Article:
A well-known proverb says to respect your ancestors, for you are the result of a thousand loves.

And some of the most important sayings come from our elders (and ancestors) after we’ve learned a life lesson. In our lifetime, the culmination of these lessons give us the wisdom we need to teach our children greater lessons.

Here are 22 quotes or proverbs from Native Americans on wisdom:

1- “Old age is not as honorable as death, but most people want it.” -- Crow

2- “Do not judge your neighbor until you walk two moons in his moccasins.” -- Cheyenne

3- “By listening to the inner self and following one's instincts and intuitions, a person may be guided to safety.” -- Dr. A.C. Ross (Ehanamani), Lakota

4- “If a man is as wise as a serpent, he can afford to be as harmless as a dove.” — Cheyenne

5- “There is no death, only a change of worlds.” -- Duwamish

6- “Don't be afraid to cry. It will free your mind of sorrowful thoughts.” — Hopi

7- “His grandfather had often told him that he tried too hard to move trees when a wiser man would walk around them.” ― Patricia Briggs, Hunting Ground

8- “You already possess everything necessary to become great.” — Native American proverb

9-“When we show our respect for other living things, they respond with respect for us.” -- Arapaho

10-“Beware of the man who does not talk, and the dog that does not bark.” -- Cheyenne

11- “Those who have one foot in the canoe, and one foot in the boat, are going to fall into the river.” -- Tuscarora

12- "It is not how much you do, but how much love you put in the doing." - A Moccasin Maker

 13- The woman spirit comes from the east, where the sun rises, where our warmth and vision starts. And the spirit of women brings that warmth into the home.Here in the east is the beginning of all life, when the spirit is conceived and gifted to the womb of the mother-to-be. Cree Wisdom

14- We are all flowers in the Great Spirit's garden. We share a common root, and the root is Mother Earth. The garden is beautiful because it has different colors in it, and those colors represent different traditions and cultural backgrounds. Grandfather David Monongye- Hopi Elder

15- “ We do not go into ceremony, and talk about Great Mystery. We go into the ceremony to talk to Great Mystery.” -Chief Quanah Parker

16- We know from our ancient teachings that the sacred eagle of humanity has two perfectly balanced and harmonious wings; one representing woman, and one representing man. In our relationships as women and men, brothers and sisters, mothers and fathers, we must join together to eliminate all forms of disrespect, mistreatment, or lack of sharing in the responsibility of raising the world's children. It is our deepest prayer that with every new sunrise, we can recognize more and more that the most sacred and holy of all the wonderful ceremonies and gifts that the Creator has given us is the birth of child, and that everything we can do to provide our children and communities the best possible future is a sacred gift and responsibility. Native American wisdom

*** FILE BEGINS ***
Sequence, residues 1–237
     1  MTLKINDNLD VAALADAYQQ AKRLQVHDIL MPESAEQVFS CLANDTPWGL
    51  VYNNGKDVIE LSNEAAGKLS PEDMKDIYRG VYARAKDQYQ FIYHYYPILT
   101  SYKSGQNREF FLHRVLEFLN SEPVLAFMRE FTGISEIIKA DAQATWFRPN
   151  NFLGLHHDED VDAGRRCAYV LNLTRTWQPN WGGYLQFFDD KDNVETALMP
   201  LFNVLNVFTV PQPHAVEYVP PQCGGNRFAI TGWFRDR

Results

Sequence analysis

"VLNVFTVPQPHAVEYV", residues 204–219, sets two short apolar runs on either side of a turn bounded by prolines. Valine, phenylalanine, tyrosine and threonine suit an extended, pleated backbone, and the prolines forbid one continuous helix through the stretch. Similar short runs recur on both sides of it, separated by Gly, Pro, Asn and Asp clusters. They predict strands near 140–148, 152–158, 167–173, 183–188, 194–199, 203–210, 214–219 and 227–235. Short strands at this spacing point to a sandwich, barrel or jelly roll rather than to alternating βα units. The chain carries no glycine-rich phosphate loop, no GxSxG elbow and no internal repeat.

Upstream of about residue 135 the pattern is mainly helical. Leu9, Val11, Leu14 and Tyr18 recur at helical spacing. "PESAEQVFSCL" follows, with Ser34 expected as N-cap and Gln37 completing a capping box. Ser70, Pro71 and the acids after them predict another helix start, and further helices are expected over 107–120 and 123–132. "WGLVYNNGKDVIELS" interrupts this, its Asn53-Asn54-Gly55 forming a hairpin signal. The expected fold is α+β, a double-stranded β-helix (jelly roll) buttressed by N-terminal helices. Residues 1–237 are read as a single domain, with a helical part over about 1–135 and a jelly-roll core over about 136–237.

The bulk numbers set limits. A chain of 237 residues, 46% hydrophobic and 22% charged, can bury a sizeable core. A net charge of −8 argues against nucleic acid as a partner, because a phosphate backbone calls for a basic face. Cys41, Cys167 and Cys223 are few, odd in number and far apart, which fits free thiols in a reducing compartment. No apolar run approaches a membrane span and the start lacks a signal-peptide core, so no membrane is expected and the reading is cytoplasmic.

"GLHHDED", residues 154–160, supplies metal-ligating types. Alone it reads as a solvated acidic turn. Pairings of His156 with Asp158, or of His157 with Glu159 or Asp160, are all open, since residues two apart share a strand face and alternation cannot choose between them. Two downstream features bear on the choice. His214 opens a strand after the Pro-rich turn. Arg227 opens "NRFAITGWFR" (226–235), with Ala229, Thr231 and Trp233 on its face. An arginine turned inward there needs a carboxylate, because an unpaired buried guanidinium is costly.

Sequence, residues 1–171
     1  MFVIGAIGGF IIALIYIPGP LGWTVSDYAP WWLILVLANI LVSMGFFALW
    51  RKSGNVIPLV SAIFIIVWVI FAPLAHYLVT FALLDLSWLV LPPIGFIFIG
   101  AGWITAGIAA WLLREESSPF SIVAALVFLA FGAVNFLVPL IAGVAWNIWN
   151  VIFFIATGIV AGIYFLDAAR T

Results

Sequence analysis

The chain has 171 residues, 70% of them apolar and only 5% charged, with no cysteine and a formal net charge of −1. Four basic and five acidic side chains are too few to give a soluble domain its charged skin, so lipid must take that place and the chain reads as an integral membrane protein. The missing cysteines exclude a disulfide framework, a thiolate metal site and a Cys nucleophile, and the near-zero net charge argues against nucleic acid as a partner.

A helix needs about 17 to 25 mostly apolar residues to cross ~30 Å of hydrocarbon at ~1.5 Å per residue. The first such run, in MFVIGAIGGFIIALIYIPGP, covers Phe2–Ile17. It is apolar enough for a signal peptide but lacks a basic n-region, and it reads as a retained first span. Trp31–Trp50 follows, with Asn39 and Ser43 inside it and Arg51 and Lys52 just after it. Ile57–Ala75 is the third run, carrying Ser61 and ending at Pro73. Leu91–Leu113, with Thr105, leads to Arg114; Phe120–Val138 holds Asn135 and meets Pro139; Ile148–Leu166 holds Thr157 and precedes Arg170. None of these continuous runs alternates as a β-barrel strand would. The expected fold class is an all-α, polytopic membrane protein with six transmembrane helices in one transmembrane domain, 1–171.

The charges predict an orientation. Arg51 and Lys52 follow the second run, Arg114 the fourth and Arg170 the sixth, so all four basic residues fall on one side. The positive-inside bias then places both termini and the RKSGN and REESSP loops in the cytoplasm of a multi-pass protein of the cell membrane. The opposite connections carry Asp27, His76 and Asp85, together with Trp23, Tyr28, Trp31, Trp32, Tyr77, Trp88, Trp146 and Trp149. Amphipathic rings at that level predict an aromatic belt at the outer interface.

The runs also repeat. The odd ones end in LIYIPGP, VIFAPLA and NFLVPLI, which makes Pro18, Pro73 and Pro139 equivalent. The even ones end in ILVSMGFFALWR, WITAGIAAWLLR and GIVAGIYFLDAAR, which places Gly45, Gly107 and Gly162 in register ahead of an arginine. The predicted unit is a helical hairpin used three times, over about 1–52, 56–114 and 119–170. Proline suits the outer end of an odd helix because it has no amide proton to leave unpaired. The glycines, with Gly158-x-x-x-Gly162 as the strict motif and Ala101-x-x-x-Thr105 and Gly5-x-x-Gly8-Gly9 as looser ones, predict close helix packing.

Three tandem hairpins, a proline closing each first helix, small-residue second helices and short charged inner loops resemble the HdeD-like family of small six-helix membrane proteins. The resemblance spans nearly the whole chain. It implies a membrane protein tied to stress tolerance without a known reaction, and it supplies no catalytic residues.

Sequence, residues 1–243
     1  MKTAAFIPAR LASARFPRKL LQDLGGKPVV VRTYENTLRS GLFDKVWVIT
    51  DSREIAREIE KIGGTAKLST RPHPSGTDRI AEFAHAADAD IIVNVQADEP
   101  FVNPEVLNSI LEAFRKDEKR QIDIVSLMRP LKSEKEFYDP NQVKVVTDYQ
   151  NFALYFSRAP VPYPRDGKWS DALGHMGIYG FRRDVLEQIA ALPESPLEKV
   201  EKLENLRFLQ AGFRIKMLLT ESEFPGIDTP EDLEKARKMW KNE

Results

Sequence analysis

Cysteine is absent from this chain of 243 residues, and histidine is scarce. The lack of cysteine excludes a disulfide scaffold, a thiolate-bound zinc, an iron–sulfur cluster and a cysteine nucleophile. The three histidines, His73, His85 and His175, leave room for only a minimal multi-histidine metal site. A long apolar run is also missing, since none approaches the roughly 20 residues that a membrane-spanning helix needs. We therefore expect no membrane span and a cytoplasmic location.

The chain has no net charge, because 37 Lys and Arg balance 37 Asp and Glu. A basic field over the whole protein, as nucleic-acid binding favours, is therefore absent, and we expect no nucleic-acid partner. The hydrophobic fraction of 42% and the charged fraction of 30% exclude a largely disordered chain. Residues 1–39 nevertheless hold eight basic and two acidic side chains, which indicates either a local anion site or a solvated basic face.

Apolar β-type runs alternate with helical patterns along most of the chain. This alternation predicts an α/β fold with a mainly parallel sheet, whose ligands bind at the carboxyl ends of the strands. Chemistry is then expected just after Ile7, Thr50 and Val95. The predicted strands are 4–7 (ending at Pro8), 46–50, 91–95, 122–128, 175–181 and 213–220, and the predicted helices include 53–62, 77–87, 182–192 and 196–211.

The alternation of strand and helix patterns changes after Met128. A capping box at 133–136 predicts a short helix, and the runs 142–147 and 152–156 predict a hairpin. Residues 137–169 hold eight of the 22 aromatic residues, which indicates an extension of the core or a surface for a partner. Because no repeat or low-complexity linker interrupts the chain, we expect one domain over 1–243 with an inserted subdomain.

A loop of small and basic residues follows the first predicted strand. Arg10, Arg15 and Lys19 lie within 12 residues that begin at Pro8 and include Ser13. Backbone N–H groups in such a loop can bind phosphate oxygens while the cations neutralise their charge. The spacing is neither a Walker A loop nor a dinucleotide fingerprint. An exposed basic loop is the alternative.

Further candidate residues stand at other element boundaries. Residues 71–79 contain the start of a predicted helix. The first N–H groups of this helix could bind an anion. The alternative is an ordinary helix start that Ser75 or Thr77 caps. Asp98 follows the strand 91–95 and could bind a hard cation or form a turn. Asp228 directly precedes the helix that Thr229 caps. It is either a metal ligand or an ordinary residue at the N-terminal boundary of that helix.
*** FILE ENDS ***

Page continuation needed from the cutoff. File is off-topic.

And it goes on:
17- We are not above or below others in the circle of life. We feel humbled when we understand our relationship with Creation. We are so small compared to the majestic expanse of Creation, just a “strand in the web of life.” Understanding this helps us to respect and value life. Native American wisdom

18- To sustain our spirituality, we need to walk it every day. Not just sometimes, but every day. It’s not just once a week; it’s your life. Cree

19- Being spiritual is remembering. It is remembering that the first thing that was gifted to you when you came into being was the spirit.So we need to remember where we came from and the gifts that were given to us as human beings. You will fall, and you will have to get up. Maybe you’ll need to crawl a little bit, but you will get up and walk again like a newborn Cree Wisdom

20- Observe the spider carefully What you do to the web of life, you do to yourself View stars on a moonless night To know there is light in the darkest of times Pursue an eye for an eye And you may be blinded first Native American proverb

21- "What is this you call property? It cannot be the earth, for the land is our mother, nourishing all her children, beasts, birds, fish and all men. The woods, the streams, everything on it belongs to everybody and is for the use of all. How can one man say it belongs only to him?" -Massasoit

22- You must speak straight so that your words may go as sunlight into our hearts. Cochise ("Like Ironweed") - Chiricahua Chief

Responses to "22 Quotes or Proverbs by Native Americans on Wisdom"

  1. Gosto muito dos provérbios, das imagens e das fotografias!

  2. So touched by this deep, essential and universal wisdom.

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